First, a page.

Corrigendum to “Multiple cranial neuropathy (a teaching case)” MSARD 2(4) (2013) 395–398
Multiple Sclerosis and Related Disorders, 2211-0348, Vol. 3, Nro 3, 2014, p. 416
Multiple Sclerosis and Related Disorders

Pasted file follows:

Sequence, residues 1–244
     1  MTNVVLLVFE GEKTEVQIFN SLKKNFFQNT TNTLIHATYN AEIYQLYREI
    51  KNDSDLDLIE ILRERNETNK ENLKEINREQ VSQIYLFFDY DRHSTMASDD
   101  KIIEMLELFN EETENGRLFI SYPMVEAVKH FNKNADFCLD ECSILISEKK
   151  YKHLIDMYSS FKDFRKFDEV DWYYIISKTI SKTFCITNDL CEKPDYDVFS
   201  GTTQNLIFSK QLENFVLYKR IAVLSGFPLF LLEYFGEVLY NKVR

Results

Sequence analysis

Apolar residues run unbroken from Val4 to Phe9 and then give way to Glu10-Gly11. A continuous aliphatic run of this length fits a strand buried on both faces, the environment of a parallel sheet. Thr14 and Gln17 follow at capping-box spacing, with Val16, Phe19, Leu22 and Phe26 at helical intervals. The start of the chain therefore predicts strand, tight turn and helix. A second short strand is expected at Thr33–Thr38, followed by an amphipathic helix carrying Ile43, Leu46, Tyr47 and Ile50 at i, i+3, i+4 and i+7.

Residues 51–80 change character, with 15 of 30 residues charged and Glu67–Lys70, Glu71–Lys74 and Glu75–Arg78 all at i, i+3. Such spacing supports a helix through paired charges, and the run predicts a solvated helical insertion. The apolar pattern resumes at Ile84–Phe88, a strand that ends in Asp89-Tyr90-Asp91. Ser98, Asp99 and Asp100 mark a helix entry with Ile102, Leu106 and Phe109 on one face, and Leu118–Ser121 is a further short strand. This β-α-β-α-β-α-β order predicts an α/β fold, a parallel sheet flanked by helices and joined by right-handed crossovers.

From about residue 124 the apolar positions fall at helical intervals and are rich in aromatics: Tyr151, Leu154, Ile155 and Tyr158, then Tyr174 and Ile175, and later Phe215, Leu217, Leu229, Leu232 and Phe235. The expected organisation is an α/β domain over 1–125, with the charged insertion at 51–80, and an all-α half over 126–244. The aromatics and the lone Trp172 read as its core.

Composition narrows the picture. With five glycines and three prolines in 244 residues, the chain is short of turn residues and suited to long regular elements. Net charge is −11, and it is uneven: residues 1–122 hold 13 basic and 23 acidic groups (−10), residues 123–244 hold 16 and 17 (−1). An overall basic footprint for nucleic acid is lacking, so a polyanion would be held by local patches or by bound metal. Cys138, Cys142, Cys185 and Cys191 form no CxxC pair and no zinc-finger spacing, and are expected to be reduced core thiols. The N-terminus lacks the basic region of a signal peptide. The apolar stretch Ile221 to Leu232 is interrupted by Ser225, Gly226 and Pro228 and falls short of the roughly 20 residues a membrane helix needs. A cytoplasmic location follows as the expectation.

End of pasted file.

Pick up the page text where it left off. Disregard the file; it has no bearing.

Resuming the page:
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There are few reports of the multiple cranial neuropathy variant of Guillain-Barré Syndrome (GBS). Patients usually present with facial diplegia, lower cranial nerve involvement and hypo or areflexia. It is crucial to identify promptly this unusual cranial variant but the clinical characteristics remain poorly defined. This GBS variant usually has a rapid progressive course with respiratory muscle paralysis. Most of the patients recover well, although the process is slow. We report a 54 year old man presenting with facial diplegia, progressive ophthalmoplegia, lower cranial nerve involvement, sensory ataxia and generalized areflexia. This GBS variant is very unusual and seldom described in the literature; it is oftenly misdiagnosed. The clinical features and nerve conduction studies (absent F-waves, motor conduction block) provide evidence to support a diagnosis of an acute demyelinating polyneuropathy consistent with a regional cranial variant of GBS. & 2013 Elsevier B.V. All rights reserved.
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